git


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git 1

(gĭt)
v. Chiefly New England, Midland US, & Southern US
Variant of get1.

git 2

(gĭt)
n. Chiefly British Slang
An unpleasant, contemptible, or frustratingly obtuse person.

[Variant of get, offspring, bastard, contemptible person; see get1.]

git

(ɡɪt)
n
1. a contemptible person, often a fool
2. a bastard
[C20: from get (in the sense: to beget, hence a bastard, fool)]

git

(gɪt)

v. Dial.
get.
pron: See get.
ThesaurusAntonymsRelated WordsSynonymsLegend:
Noun1.git - a person who is deemed to be despicable or contemptiblegit - a person who is deemed to be despicable or contemptible; "only a rotter would do that"; "kill the rat"; "throw the bum out"; "you cowardly little pukes!"; "the British call a contemptible person a `git'"
disagreeable person, unpleasant person - a person who is not pleasant or agreeable
Translations

git

[gɪt] N (Brit) → cretino/a m/f

git

[ˈgɪt] n (British)con(ne) m/f

git

n (inf: = stupid person) → Schwachkopf m, → Depp m (dial); a miserable old gitein alter Miesepeter (inf)
References in classic literature ?
The only way to git him to do anything is to coax him to do the opposite.
She makes me get up just at the same time every morning; she makes me wash, they comb me all to thunder; she won't let me sleep in the woodshed; I got to wear them blamed clothes that just smothers me, Tom; they don't seem to any air git through 'em, somehow; and they're so rotten nice that I can't set down, nor lay down, nor roll around anywher's; I hain't slid on a cellar-door for -- well, it 'pears to be years; I got to go to church and sweat and sweat -- I hate them ornery sermons!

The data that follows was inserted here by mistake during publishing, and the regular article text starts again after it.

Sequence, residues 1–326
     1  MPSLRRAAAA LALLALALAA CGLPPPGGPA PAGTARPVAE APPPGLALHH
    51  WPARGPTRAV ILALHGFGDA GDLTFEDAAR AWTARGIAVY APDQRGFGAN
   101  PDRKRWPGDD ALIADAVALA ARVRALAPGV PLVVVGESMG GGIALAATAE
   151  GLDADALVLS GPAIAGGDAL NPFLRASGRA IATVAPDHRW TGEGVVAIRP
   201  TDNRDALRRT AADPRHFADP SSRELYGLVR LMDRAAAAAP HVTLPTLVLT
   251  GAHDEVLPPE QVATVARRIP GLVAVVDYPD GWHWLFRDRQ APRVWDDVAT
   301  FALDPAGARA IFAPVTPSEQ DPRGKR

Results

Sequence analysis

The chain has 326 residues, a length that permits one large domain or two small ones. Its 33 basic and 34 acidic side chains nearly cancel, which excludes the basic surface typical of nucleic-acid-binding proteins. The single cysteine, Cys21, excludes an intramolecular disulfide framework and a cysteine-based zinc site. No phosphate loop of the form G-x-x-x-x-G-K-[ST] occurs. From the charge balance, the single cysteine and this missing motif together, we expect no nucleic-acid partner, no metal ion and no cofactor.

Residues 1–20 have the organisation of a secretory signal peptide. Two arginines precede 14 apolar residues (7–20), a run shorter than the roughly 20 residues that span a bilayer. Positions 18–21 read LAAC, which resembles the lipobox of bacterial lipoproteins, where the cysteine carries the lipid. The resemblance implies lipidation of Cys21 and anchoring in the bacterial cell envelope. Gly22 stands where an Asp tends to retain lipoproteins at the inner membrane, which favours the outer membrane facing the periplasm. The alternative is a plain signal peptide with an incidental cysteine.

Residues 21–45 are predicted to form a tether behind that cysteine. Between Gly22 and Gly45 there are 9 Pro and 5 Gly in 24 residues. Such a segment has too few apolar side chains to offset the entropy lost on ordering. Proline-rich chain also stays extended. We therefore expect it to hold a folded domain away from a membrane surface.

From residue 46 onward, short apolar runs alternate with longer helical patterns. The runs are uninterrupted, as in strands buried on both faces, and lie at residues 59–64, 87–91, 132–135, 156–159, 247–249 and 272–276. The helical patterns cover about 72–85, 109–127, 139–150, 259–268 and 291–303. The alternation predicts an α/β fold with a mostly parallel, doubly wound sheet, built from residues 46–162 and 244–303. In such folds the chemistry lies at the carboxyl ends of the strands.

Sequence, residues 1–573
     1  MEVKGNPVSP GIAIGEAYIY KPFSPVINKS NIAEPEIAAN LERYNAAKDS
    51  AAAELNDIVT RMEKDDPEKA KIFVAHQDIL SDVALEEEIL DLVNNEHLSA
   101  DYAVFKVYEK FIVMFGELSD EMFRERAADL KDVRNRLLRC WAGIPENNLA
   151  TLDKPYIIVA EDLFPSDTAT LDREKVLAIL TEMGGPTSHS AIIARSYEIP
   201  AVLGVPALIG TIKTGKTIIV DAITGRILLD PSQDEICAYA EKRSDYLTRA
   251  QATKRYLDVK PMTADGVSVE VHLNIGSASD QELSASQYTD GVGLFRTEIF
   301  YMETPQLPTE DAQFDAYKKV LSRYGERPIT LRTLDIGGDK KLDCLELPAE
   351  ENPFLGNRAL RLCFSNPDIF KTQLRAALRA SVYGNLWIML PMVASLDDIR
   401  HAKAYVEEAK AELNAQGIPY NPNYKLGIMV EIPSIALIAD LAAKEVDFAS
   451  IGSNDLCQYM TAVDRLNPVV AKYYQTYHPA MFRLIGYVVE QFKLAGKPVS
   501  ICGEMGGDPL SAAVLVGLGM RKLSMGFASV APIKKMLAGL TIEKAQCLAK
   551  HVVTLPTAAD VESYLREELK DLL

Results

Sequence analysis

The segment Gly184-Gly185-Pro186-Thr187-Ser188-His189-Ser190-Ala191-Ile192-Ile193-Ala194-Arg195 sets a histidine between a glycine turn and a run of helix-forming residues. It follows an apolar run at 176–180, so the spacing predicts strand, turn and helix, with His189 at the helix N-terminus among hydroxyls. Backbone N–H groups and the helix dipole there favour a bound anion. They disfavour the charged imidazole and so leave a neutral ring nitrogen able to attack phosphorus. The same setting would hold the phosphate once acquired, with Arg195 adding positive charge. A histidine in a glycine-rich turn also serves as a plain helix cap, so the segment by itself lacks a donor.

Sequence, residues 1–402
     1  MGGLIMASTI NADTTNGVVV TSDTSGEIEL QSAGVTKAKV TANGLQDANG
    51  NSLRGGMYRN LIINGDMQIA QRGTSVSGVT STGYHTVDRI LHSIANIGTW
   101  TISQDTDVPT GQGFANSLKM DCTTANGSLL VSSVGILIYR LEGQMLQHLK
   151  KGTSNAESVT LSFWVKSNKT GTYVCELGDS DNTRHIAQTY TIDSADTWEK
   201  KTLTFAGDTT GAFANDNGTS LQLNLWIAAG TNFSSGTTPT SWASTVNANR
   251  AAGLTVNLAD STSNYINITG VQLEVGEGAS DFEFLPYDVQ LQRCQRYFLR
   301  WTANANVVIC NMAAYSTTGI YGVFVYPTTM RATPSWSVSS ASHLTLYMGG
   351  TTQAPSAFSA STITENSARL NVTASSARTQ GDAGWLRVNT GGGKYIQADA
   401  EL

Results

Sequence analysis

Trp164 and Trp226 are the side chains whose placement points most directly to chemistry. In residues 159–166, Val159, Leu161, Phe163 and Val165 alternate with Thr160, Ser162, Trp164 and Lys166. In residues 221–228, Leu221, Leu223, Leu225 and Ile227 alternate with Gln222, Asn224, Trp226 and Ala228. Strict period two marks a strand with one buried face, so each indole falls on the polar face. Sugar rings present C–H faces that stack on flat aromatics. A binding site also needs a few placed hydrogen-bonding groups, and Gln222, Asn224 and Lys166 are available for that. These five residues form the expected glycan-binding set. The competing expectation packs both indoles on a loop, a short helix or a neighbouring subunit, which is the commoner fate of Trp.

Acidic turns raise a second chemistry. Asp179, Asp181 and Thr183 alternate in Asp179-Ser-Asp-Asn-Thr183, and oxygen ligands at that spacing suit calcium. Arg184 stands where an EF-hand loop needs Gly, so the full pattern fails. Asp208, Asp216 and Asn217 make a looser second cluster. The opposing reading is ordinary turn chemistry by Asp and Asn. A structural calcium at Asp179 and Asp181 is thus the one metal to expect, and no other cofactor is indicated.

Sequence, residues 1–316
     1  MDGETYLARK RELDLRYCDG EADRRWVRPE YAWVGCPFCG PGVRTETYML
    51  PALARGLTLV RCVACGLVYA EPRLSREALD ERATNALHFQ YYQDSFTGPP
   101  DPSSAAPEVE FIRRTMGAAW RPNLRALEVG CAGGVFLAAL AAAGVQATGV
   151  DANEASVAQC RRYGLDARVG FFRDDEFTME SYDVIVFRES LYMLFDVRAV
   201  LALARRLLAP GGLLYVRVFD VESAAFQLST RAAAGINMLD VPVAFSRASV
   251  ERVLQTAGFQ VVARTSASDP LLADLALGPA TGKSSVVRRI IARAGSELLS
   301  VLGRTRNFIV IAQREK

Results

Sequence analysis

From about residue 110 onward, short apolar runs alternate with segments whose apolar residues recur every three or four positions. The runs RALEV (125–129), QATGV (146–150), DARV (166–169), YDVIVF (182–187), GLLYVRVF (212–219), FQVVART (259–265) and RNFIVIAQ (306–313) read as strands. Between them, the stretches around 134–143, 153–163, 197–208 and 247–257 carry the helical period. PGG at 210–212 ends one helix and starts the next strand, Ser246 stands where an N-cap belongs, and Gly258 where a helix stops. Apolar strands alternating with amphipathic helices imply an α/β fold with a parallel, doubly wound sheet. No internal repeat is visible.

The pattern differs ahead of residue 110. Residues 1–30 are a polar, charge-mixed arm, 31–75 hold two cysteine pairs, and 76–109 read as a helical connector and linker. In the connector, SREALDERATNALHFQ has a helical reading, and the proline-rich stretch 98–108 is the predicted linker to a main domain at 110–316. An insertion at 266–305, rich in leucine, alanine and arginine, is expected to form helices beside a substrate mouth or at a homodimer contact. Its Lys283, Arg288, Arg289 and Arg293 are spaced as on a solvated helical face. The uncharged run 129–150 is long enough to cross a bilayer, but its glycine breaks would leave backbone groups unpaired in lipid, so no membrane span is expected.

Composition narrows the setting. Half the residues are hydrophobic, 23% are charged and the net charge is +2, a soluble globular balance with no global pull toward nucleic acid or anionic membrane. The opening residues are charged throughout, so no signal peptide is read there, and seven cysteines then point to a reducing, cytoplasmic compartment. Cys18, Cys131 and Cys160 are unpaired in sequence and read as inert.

Well, I'd got to talk so nice it wasn't no comfort -- I'd got to go up in the attic and rip out awhile, every day, to git a taste in my mouth, or I'd a died, Tom.
We thought we'd lost forty-two men by straight count, but if they keep on a-comin' this way, we'll git th' comp'ny all back by mornin' yit.
An' yeh may git a lot 'a other sicknesses, too, by mornin'.
"Pap's so po' he cain't run me no mo', so I want to git a show somers if I kin, 'taint no diffunce what--I'm strong and hearty, and I don't turn my back on no kind of work, hard nur soft."
`How does the little Temperance girl git along?' asks mother.
At the hearin' of this, ye may swear, though, I was as mad as a grasshopper, but I remimbered that I was Sir Pathrick O'Grandison, Barronitt, and that it wasn't althegither gentaal to lit the anger git the upper hand o' the purliteness, so I made light o' the matter and kipt dark, and got quite sociable wid the little chap, and afther a while what did he do but ask me to go wid him to the widdy's, saying he wud give me the feshionable inthroduction to her leddyship.
When I come nights I can't git no rest 'cause yer allus poundin' a kid.
"De fac' is, ole marster kin git along better when young marster's away den he kin when he's in de town; yes, en he love him better, too; so he gives him fifty dollahs a month--"
"Haul up, Penn," he said, laughing, "er she 'll git stuck again."
De white one gits him to go right a little while, den de black one sail in en bust it all up.